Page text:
Spring is just around the corner, and with it comes sunshine, rain showers, and a ton of humidity. Luckily, we have the ACs in our cars to rely on as we zip down long, winding roads… or do we? What if your AC is on the fritz? Does adding engine coolant affect the AC’s performance in any way, shape, or form?
Engine coolant helps regulate the temperature of the engine, and it also plays a role in the AC system. If the coolant level is too low, the compressor, which is a critical component of the AC system, may not receive enough lubrication, leading to decreased performance or complete failure.
In this guide, I’ll explain in greater detail what engine coolant is, how engine coolant affects your car’s AC, and how to tell when you need to top off the coolant reservoir.
What Is Engine Coolant?
Engine coolant is a mixture of water and antifreeze that is circulated through the engine to regulate its temperature. The purpose of engine coolant is to absorb and transfer heat away from the engine to prevent overheating and damage.
It also helps prevent the engine from freezing during cold weather. The antifreeze component of the coolant raises the boiling point and lowers the freezing point of the water, making it more effective in protecting the engine in extreme temperatures.
The coolant for the engine is kept in a reservoir that is more commonly known as a radiator, and a water pump is responsible for recirculating the coolant throughout the engine. It is essential to perform routine checks on the level of the engine coolant and to ensure that the appropriate ratio of antifreeze to water is maintained so that the engine can maintain its optimum temperature range and continue to function effectively.
Does Engine Coolant Affect AC Performance?
What may seem odd to some people is why someone would ask whether engine coolant affects AC performance or not. After all, engine coolant is used to keep the engine cool, whereas car ACs use refrigerant (freon) to keep temperatures low and crisp.
It turns out that engine coolant does, in fact, play a role in the overall performance of the cooling system, but not in the ways that you might think it does.
How engine coolant affects temperature
It is the job of the coolant to remove heat from the engine, and if it is doing its job properly, it will do so. On the other hand, if the coolant system is situated in close proximity to the air conditioning system, it has the potential to warm the air that is blown into the cabin unintentionally. Because of this, the air conditioner might not provide the level of cooling that is required, resulting in a warmer cabin.
How engine coolant affects airflow
The performance of the AC compressor, an essential part of the AC system, can be negatively impacted by engine coolant, which can have a knock-on effect on the airflow through the AC system. The air conditioning compressor moves refrigerant around the system to keep the cabin at a comfortable temperature.
If the engine coolant level is too low, the compressor may not receive enough lubrication, leading to decreased performance or complete failure. Additionally, a leak in the coolant system can allow refrigerant to escape, reducing the overall pressure in the AC system and impacting its ability to circulate cool air.
How engine coolant affects humidity
Because it interacts with the moisture levels in the engine block, engine coolant can have an effect on the relative humidity of the air conditioner. It is possible that if there is not enough coolant in the engine, it will not be able to absorb and transfer enough heat away from the engine, which will cause the temperatures inside the engine to rise.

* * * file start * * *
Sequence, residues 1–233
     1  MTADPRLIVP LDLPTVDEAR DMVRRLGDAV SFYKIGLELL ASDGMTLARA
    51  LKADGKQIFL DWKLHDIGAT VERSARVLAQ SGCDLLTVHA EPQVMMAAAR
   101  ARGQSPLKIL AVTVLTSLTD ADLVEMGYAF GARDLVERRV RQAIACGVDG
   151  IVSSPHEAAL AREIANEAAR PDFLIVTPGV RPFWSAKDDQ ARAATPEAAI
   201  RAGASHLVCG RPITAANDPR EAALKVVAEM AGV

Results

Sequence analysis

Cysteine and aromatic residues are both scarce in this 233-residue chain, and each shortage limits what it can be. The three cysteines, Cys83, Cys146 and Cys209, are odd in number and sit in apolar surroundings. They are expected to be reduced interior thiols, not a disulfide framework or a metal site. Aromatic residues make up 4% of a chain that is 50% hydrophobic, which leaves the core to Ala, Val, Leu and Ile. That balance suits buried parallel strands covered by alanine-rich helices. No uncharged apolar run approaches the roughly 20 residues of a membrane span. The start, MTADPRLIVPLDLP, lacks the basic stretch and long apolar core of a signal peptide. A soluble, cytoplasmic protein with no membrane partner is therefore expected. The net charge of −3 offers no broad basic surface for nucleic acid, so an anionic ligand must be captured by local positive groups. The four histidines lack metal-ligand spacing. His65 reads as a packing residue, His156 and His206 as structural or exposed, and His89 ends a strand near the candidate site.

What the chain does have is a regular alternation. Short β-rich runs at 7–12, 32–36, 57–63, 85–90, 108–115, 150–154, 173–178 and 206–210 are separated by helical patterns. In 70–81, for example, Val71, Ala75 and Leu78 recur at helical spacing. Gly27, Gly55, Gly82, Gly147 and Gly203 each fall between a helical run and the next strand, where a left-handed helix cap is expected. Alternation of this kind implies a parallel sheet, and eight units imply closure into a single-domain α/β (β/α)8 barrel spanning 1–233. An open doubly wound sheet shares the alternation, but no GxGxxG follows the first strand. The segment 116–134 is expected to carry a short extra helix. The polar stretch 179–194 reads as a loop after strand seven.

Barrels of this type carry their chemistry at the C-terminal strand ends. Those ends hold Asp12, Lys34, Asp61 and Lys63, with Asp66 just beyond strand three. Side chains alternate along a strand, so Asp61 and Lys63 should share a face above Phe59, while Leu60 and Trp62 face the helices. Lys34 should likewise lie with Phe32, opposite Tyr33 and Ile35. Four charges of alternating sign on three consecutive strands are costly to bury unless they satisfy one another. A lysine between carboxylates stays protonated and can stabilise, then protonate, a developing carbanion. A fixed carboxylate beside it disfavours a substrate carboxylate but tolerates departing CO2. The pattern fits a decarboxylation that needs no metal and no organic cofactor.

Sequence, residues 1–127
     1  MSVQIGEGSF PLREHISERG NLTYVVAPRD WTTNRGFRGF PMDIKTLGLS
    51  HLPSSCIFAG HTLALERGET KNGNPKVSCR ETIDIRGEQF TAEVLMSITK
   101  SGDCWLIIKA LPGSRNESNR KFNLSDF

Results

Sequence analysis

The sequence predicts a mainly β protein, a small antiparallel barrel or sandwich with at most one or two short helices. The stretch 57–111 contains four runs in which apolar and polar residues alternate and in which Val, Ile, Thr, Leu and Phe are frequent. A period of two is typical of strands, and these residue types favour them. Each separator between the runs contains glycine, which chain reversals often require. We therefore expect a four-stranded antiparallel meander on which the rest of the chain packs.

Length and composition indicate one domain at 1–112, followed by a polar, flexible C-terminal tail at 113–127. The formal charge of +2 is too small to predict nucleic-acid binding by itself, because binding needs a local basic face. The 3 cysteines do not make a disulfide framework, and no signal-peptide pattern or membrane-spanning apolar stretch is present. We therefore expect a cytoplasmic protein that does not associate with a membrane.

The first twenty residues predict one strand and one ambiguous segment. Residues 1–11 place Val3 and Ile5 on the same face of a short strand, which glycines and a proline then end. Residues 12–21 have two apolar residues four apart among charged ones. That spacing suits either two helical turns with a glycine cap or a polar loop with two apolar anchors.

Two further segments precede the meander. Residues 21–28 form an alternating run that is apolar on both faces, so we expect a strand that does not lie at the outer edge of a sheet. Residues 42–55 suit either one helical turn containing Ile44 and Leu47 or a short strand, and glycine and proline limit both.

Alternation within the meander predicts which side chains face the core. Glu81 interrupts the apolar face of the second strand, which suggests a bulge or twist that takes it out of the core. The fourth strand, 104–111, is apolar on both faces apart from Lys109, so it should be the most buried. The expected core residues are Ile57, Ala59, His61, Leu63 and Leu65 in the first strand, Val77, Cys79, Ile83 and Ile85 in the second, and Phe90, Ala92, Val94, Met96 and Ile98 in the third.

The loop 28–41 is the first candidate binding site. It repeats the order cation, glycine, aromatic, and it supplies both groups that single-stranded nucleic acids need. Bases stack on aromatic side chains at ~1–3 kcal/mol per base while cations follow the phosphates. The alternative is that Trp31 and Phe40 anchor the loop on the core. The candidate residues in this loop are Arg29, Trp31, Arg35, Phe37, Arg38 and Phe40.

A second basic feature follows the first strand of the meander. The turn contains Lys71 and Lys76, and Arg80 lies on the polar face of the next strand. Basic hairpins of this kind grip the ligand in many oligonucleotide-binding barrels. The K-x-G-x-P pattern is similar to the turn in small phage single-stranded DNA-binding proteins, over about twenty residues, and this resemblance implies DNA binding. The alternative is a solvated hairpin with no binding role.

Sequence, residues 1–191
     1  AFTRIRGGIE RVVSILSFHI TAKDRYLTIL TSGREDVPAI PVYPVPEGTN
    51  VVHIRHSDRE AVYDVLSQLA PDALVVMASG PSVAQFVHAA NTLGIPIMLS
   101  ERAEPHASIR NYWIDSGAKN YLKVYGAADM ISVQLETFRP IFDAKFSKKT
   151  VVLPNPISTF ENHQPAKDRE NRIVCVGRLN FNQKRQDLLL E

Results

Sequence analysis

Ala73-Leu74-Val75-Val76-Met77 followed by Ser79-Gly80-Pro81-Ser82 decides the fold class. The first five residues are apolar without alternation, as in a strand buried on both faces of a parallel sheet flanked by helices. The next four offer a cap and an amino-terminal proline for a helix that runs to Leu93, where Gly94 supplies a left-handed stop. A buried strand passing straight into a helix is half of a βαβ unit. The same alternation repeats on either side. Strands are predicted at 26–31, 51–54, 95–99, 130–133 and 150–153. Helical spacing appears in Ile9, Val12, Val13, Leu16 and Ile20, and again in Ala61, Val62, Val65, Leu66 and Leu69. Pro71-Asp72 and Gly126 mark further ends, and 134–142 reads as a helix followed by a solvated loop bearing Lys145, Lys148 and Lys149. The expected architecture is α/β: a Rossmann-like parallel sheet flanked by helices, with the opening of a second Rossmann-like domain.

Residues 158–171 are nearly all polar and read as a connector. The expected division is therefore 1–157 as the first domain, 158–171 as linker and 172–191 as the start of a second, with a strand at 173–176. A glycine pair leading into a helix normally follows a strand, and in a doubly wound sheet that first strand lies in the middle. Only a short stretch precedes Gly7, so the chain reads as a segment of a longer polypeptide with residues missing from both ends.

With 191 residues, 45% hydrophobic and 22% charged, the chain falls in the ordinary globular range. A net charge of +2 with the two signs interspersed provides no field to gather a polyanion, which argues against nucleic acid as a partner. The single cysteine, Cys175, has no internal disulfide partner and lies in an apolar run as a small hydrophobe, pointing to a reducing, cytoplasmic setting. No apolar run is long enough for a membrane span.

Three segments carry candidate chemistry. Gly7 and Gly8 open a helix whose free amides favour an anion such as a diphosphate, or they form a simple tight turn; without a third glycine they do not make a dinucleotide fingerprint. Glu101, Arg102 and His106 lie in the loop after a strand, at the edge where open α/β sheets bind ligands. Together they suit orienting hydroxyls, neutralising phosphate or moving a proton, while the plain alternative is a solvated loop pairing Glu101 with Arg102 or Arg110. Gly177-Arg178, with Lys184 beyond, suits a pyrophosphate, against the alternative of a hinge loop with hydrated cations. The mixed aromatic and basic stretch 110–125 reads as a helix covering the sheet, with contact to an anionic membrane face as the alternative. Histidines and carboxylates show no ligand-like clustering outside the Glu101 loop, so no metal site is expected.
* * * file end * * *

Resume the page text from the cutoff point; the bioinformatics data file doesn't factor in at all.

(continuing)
As a result, the AC system may have to work harder to cool the cabin, and in doing so, it may also dry out the air inside the car. When the AC system operates, it removes moisture from the air to regulate the humidity levels inside the cabin. If the AC is running excessively, it may remove too much moisture, leading to dry air inside the vehicle.
How to Tell When to Refill Coolant Reservoir
The following are some of the warning signs that should alert you that the coolant reservoir in your engine is getting low.
- Warning light on the dashboard— Most modern vehicles have a coolant temperature warning light that illuminates when the coolant level is low or if the engine is overheating. The warning light is typically a red or yellow light in the shape of a thermometer or an engine. When the light illuminates, it is a sign that the engine coolant level is low or that there is an issue with the cooling system.
- Overheating engine—Engine coolant helps regulate the temperature of the engine and prevent overheating. If the coolant level is too low, the engine may overheat because it does not have enough coolant to transfer heat away from the engine. If the engine temperature gauge is reading high or the engine is making a knocking or hissing sound, it may be a sign of overheating and low engine coolant levels.
- Sweet-smelling vapor from the engine—A sweet-smelling vapor coming from the engine can indicate low engine coolant levels. The sweet smell is typically caused by a coolant leak, which can result in low coolant levels in the engine. If coolant is leaking from the engine, it can mix with engine oil, producing a sweet-smelling vapor that can be detected from inside or outside the vehicle.
- Engine misfires or stalls— If the level of engine coolant is too low, the engine may not be able to function properly and may overheat as a result. Engine coolant helps regulate the temperature inside of the engine. If the engine is not getting enough coolant to transfer heat away from the engine, which would cause it to overheat, this can cause the engine to misfire or even stall.